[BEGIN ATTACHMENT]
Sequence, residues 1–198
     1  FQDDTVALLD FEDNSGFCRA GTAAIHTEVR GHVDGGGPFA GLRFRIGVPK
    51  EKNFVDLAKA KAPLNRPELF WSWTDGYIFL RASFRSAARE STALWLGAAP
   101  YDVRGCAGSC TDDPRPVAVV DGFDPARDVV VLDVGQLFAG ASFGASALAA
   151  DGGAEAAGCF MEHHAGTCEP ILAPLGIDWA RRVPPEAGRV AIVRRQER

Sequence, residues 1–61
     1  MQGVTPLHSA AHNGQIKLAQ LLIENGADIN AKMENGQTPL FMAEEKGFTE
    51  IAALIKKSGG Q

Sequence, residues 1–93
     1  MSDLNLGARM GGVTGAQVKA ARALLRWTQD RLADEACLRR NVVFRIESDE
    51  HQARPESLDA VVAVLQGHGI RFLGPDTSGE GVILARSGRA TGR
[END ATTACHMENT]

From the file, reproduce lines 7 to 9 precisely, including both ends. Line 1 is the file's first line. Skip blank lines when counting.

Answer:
     1  MQGVTPLHSA AHNGQIKLAQ LLIENGADIN AKMENGQTPL FMAEEKGFTE
    51  IAALIKKSGG Q

Sequence, residues 1–93